Map of the Ice Age Floods - View Larger Image
Along the floodwaters’ course, more than 50 cubic miles of earth and rock were removed, and some of this was transported and then deposited as new landforms. The floods built gravel bars as tall as 400 feet and moved boulders weighing many tons as if they were pebbles. Some of the eroded material was deposited along the path of the floods, but most of the eroded material was carried out onto the floor of the Pacific Ocean, where extensive deposits of flood sediment have recently been identified hundreds of miles from the current mouth of the Columbia River.
In the following years the account was refined, as evidence of more than one flood was discovered. It is now established that there were large numbers of Ice Age floods that swept across the US Northwest, and some of them were among the largest and most powerful floods that have ever occurred on Earth.
These floods are a remarkable part of North American natural heritage. They have profoundly affected the geography and ways of life in the region, but have until recently remained largely unknown to the general public.
Recent research has found evidence that comparable floods occurred much earlier in the Ice Age in the Columbia Basin, as much as 1 to 2 million years ago. It has been determined that huge Ice Age glacial-outburst floods occurred in other parts of the world, as well. Even in our own times, similar but much smaller floods have occurred. Scientific study of the Ice Age Floods is contributing to the understanding of cyclical climate change and of very large and destructive contemporary floods on Earth. The Ice Age Floods have also been considered as an analog to understand geologic processes on Mars, where landforms strikingly similar to those in Eastern Washington exist. Could huge floods on this scale happen again? Although global warming may now be a serious concern, it is likely that long-term climate cycles will cause large ice sheets to return at some time in the distant future, and cataclysmic outburst floods will probably recur in this region.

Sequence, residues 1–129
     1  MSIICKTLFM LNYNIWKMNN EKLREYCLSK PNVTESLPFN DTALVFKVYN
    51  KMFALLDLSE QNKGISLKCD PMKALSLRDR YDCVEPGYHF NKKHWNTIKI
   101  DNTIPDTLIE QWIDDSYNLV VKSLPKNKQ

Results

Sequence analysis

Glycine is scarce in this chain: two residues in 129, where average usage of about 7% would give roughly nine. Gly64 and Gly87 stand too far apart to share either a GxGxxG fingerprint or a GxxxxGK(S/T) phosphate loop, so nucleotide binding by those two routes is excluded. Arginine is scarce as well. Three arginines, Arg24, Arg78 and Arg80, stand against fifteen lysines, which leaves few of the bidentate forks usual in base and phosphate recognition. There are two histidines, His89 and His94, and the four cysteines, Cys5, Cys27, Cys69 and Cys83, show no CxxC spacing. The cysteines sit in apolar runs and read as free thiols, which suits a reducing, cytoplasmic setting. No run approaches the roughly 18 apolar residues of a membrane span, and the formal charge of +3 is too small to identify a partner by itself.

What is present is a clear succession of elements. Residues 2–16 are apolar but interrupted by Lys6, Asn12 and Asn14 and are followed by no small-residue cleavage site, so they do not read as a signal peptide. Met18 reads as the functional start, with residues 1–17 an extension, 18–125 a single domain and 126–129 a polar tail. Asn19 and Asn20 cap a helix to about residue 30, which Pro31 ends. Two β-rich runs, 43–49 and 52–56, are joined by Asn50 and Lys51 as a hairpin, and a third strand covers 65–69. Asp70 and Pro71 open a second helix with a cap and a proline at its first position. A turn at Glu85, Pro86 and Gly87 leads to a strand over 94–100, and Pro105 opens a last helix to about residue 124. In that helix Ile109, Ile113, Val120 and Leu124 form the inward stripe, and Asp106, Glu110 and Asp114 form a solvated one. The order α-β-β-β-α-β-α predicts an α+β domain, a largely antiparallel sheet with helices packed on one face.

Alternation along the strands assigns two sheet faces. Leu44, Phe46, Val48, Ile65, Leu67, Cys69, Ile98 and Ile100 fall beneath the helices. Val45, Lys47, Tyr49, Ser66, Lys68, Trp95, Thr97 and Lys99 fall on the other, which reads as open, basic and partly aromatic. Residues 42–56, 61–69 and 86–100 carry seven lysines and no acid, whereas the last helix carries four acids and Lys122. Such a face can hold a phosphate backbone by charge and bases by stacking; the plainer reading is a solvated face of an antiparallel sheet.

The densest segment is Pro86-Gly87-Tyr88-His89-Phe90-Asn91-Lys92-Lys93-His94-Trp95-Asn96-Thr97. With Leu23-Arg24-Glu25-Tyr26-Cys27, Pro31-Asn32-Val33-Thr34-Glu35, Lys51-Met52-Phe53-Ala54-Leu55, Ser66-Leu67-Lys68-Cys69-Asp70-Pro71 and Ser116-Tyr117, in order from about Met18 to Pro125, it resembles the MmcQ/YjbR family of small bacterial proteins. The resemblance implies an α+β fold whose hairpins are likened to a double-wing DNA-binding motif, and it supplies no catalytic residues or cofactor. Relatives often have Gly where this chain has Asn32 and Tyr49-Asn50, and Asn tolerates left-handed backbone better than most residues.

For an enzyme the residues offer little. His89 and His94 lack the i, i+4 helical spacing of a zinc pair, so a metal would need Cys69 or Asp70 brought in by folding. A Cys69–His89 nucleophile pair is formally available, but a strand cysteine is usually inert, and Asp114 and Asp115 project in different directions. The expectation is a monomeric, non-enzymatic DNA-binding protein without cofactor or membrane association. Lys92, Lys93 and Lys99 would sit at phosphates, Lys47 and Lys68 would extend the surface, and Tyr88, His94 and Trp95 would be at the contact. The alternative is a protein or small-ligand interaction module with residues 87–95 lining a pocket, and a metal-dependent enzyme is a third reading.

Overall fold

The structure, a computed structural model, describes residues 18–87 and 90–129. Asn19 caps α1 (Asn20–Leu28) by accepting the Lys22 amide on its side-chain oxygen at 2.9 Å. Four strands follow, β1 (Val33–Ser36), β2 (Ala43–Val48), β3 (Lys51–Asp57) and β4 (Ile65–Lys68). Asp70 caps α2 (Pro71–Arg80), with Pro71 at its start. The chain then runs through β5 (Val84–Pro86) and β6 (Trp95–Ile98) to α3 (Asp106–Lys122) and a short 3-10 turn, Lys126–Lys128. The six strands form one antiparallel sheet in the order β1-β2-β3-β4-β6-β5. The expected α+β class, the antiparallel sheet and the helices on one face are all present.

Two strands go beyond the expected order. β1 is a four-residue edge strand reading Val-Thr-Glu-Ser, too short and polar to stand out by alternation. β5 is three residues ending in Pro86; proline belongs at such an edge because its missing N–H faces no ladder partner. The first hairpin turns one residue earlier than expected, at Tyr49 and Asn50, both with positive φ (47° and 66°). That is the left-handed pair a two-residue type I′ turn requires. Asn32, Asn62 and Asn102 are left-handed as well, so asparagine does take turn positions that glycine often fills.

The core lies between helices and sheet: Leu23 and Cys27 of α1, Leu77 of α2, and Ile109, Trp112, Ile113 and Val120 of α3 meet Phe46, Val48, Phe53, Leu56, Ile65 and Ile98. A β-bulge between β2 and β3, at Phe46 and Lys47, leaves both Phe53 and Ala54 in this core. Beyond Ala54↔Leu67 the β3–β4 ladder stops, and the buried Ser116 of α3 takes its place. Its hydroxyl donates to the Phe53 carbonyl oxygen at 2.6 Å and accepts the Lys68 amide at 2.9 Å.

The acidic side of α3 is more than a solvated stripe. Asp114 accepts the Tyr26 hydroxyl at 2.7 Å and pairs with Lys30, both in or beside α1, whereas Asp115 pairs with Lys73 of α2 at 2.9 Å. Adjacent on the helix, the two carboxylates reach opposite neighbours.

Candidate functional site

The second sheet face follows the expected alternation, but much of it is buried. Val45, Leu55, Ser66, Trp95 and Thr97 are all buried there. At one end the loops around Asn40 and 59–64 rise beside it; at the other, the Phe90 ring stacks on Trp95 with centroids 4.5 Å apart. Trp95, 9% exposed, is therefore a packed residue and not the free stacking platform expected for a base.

Beginning in 1922, J Harlen Bretz spent summers exploring central and eastern Washington with his family and students.
Camas Prairie. Giant current ripples like those in this photo often went unrecognized. Their eventual discovery showed the strength of the flood flow rates. Photo: Tom Foster
Wave-cut strandlines cut into the slope. These cuts Record former high-water lines, or shorelines of Glacial Lake Missoula near Missoula, Montana. Photo: National Park Service
On the Waterville Plateau, house-sized boulders were transported great distances by the floods. Photo: National Park Service
The back-flooded valleys of the Missoula Floods Region show evidence of multiple floods.